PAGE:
Who killed your creativity?

Dalibor Šumiga Behavioral marketing/Neuromarketing, Marketing

Imagine a pack of M&Ms…

Now imagine that you’ve eat all of the M&Ms… In what ways could you use the empty pack?

NASA conducted a similar test when they wanted to check how creative their experts are in observing and solving complex tasks. The test was actually very simple – the more different ways you think of how to use the empty pack, the more creative you are.

The creators of this test, scientists dr. George Land and Beth Arman decided to do the same test with children. On a sample of 1.600 children aged 4-5, 98 % of children had the results defined as “genius level”.

Five years later they repeated the test on the same sample – 30 % of the children reached the “genius level” again, and 5 more years later only 12 % of them did.

In the test they did with 25 years old examinees, only 2 % of them reached the “genius level”

If you already didn’t, you should watch one of the most viewed TED talks of all times called “Do schools kill creativity?”.

But the problem is not only in the education system; the restrictions we are being taught while growing up have an impact on our working environment.


Can you relate to this description – you are working in a successful company,  the job is good, the salary is safe, your company is well known, you have a cool office, you go to team buildings and attend additional courses… But, 70 % of your job is monotonous – reports, endless meetings and constant improvisation to do everything in time. You can’t remember when was the last time you created a great idea.

Did you identify with the description? This was a rhetorical question, of course. A large number of people will identify; I know, because I often talk to them.

What happened to your creativity? Your imagination? Did it disappear? Of course it didn’t, imagination can’t be destroyed, it can only be repressed. You settled to work inside the box, you entered the comfort zone and you told yourself “I’ve got too much to do already, no time to push this idea through; it will only bring me more work for the same salary”.

This mindset is completely wrong and it does more harm to you than to your employer. You willingly chose to be mediocre…


Before the education system and  working environment gets them and they become adults, children use their imagination and curiosity to the fullest. All until the restrictions begin; the first restrictions are “mom won’t let you”, then “teacher won’t let you” and at last “legal services won’t let you”…

Lethargic and indifferent after all those NOs you’ve heard in your life, you’ve just melted with your surroundings or even worse – you don’t want somebody to think you’re childish.

Let me tell you a story…

Many years ago I’ve worked on a big project where I got a task to create a communication script for call agents. The reason why script had to be changed was that it had very low rate of successful calls, only around 3 %. It was a B2B campaign, which for many means seriousness, professionalism…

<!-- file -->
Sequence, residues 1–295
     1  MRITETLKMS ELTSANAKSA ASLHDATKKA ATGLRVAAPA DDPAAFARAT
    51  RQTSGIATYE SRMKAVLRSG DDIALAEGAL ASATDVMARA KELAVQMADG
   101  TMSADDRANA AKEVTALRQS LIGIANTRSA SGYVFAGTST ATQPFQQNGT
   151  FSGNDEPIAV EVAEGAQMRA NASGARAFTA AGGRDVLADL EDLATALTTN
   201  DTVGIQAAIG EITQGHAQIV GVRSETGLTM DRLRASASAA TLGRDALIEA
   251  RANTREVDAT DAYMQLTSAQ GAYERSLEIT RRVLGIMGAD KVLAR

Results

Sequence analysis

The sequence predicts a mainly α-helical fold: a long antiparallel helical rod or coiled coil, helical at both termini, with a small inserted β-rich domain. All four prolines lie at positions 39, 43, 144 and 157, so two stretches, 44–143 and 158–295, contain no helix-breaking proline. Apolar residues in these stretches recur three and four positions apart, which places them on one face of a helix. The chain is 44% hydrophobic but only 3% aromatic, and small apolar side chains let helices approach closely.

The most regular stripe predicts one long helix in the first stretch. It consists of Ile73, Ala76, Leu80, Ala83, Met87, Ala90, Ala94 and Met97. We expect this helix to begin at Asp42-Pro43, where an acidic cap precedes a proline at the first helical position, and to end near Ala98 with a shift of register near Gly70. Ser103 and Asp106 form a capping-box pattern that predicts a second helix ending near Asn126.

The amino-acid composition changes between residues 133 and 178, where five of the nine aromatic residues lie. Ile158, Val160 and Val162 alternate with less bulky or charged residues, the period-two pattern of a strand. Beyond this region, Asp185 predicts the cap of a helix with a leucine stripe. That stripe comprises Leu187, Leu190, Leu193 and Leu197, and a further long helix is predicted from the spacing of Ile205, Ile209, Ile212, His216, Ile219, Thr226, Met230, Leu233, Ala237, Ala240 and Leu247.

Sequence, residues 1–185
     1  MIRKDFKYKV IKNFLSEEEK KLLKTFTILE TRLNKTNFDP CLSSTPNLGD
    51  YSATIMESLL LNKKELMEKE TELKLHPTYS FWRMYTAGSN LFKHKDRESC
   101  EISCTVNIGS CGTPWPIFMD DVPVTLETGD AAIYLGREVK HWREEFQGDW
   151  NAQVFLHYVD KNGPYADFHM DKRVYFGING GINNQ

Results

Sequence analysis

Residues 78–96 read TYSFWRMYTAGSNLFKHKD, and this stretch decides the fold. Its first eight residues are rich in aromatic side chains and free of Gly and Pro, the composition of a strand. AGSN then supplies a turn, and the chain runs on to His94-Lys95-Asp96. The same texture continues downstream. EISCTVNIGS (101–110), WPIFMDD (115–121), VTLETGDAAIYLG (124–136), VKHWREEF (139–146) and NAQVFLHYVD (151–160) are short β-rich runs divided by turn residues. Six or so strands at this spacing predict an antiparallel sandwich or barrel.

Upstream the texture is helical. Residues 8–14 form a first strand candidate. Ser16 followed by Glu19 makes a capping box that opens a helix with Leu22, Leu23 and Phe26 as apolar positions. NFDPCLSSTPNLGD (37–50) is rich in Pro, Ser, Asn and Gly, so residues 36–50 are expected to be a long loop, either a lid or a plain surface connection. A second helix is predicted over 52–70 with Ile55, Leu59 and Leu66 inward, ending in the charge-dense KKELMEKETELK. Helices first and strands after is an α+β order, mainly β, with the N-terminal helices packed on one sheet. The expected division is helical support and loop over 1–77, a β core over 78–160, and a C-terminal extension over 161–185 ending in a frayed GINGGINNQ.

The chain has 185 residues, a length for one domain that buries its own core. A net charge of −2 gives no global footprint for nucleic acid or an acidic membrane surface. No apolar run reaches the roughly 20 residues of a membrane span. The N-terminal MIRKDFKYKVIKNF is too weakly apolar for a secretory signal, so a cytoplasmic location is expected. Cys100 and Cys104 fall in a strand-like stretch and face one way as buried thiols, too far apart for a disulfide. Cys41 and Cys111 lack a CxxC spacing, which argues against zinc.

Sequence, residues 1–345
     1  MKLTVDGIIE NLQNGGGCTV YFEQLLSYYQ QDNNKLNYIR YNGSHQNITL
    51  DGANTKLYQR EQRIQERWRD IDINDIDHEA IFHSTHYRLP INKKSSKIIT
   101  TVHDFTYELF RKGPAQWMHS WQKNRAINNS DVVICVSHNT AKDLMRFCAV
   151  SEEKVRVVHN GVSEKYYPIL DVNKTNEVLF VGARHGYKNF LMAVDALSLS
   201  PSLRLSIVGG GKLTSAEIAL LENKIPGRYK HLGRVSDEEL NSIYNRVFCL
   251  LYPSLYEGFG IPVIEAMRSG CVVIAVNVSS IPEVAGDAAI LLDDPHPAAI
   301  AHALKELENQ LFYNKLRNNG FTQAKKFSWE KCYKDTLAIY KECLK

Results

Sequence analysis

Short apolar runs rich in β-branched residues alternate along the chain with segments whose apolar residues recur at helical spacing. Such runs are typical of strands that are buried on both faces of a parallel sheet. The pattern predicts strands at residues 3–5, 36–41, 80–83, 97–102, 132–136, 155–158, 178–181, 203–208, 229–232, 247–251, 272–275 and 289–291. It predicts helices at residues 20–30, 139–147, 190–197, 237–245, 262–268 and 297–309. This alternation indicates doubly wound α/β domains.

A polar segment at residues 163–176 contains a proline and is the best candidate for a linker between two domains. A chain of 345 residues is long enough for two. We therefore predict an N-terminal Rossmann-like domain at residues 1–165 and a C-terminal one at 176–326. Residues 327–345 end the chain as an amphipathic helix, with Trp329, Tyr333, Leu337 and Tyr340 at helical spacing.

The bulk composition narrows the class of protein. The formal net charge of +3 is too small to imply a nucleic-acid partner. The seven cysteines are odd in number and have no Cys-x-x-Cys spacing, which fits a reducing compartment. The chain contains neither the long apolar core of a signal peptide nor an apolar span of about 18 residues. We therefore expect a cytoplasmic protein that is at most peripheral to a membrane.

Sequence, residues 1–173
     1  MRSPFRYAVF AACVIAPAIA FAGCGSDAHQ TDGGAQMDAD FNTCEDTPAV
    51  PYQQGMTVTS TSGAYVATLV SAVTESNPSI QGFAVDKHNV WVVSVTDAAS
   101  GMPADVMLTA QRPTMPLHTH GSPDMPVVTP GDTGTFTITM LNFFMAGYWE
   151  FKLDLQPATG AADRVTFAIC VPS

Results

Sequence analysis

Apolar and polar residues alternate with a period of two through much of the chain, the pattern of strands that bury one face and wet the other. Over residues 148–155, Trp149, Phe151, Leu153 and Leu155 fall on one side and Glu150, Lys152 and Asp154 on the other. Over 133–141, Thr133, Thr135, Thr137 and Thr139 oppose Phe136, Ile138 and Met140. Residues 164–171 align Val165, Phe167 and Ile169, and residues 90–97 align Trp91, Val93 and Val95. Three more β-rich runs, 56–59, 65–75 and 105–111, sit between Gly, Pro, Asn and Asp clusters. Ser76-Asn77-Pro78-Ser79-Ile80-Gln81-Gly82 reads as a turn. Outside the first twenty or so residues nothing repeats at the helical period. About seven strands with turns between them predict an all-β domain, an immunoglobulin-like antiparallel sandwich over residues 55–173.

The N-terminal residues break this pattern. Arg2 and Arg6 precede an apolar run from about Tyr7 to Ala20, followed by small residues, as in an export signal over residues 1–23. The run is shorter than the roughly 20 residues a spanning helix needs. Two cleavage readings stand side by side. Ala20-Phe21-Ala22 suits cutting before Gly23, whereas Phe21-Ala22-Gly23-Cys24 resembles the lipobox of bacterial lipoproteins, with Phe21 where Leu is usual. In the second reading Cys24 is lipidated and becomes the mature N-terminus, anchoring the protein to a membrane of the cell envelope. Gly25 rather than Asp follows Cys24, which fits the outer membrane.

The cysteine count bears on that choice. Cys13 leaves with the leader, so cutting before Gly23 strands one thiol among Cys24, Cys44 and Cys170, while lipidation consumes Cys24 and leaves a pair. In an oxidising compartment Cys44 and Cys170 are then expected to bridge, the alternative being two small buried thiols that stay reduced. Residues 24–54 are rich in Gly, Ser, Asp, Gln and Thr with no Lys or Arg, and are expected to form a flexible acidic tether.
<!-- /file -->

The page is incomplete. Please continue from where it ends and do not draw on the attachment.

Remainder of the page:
After I’ve created an idea and presented it to my superiors, they refused it as too funny and banal.

Despite this, I went to the client myself and presented the idea. This was the client’s reaction: “Dado, I’m sorry, but this idea seems a bit infantile to me… Do you have anything else to offer?”

I said: “No, this is all I’ve got so far”.

The client was mad, but we were short with time and the project got green light. The rate of successful calls went from 3 % to 85 % and subsequently the sales increased for about 15 %.

The takeaway of this story isn’t “don’t listen to your superiors and your clients, do everything in your own way”, it’s that all of us, somewhere deep in ourselves, hide a curious and imaginative child; not only the ones who do creative work and create campaigns, but you and your customers, no matter if they’re B2B or B2C.

What now? How to reawaken your creativity?

01) Stop doubting before you try

Don’t pose yourself questions like “what will director or the legal service say” before you tried to present the idea.

02) Stop micro managing creative work

If you work in the field of marketing and you’re responsible for the content being published on social networks, blog and web, think twice if your subjective opinion is really a good filter for good creative work, considering that you haven’t got a chance to do something creative for a long time? Also, if you don’t believe your creative team, why did you hire them in the first place, if you have to check everything and spend your precious time?

03) Challenge yourselves – on a daily basis

Not only creative ideas, but your complete working environment. Find a better way to handle your emails; find a better way to be effective on the meetings; find a better way to pass information to your coworkers.

If you accept the fact that you’re not a child anymore and that the world has its clearly defined rules, that means you’ve killed your creativity for sure…